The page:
Green tea has become an international mainstay beyond the Orient. Many observational studies have shown that green tea is full of potent polyphenols (an antioxidant) that lower the risk of several chronic degenerative diseases such as heart disease and osteoporosis. A recent study from Dr. Chwan-Li (Leslie) Shen, an associate professor and a researcher at the Laura W. Bush Institute for Women’s Health at Texas Tech University Health Sciences Center looked at the mechanism behind this correlation and believes it may have to do with lowering chronic levels of inflammation.
Dr. Shen has developed an animal model to study green tea consumption and its protective effect on the breakdown of the bone’s microarchitecture. In humans, this can lead to osteoporosis, a condition common in postmenopausal women. In her most recent study, she investigated the potential for green tea to work synergistically with tai chi, a moderately aerobic exercise popular among Chinese cultures. Together, can these two interventions enhance bone strength?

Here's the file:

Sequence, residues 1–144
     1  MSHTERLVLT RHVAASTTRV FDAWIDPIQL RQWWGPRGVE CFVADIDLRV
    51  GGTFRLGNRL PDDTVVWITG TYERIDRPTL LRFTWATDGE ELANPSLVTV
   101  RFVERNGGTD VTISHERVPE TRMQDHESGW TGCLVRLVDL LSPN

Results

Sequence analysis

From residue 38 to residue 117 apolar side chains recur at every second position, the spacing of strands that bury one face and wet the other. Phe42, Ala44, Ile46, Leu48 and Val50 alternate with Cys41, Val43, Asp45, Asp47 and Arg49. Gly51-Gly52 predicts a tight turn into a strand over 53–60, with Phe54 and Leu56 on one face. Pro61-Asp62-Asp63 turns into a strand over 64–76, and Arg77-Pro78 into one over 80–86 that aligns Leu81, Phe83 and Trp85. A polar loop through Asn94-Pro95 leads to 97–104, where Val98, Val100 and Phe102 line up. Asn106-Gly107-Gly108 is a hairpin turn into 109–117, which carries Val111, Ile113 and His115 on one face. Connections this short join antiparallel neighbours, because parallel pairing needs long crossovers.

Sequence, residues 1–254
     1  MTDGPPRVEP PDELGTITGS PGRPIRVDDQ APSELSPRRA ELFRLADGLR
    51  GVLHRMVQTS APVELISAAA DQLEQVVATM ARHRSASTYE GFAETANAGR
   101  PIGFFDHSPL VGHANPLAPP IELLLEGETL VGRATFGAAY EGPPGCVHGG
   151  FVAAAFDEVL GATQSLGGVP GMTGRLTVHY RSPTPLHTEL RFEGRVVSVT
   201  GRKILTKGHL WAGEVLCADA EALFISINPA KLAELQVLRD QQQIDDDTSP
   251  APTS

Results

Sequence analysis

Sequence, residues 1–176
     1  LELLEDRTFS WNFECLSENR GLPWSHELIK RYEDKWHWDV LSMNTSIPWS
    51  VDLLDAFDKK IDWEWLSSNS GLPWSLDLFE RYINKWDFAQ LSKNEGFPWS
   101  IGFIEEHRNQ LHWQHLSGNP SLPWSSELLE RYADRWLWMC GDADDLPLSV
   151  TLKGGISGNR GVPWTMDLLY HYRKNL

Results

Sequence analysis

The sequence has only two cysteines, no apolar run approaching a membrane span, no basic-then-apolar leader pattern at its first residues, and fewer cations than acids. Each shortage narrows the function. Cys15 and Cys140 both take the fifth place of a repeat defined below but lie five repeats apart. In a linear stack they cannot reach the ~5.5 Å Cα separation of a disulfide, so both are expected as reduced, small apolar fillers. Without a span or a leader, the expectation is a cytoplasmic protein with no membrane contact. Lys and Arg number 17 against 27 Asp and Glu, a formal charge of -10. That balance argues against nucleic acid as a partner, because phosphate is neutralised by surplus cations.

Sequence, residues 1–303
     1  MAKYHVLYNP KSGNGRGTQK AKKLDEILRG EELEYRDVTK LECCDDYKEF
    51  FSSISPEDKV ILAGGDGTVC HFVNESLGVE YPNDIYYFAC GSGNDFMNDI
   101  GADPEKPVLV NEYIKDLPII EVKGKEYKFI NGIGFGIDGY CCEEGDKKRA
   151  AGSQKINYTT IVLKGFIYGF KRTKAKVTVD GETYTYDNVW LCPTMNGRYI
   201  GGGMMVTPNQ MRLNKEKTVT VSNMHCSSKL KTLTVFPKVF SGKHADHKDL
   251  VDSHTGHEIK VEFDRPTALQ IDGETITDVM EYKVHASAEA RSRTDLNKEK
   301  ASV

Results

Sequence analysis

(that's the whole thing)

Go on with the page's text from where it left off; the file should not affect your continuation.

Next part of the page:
- Placebo (starch pill) and no tai chi
- Green tea polyphenols (GTP) and no tai chi (TC)
- Placebo and tai chi
- GTP plus TC
Blood and urine samples were collected on all women for 6 months and muscle strength assessed..
The GTP + TC group showed enhanced markers of bone health and muscle strength at 3 and 6 months. Of greatest interest was the Dr. Shen’s finding that both GTP and TC had on biological markers of oxidative stress, the precursor to inflammation. Inflammation is not only a factor in osteoporosis but other chronic diseases as well. Her findings were presented in a poster at the Experimental biology meetings in April. Further studies are needed to confirm and better understand the mechanisms involved.
In the meantime, drinking green tea and trying tai chi sounds like a good idea, especially for premenopausal women!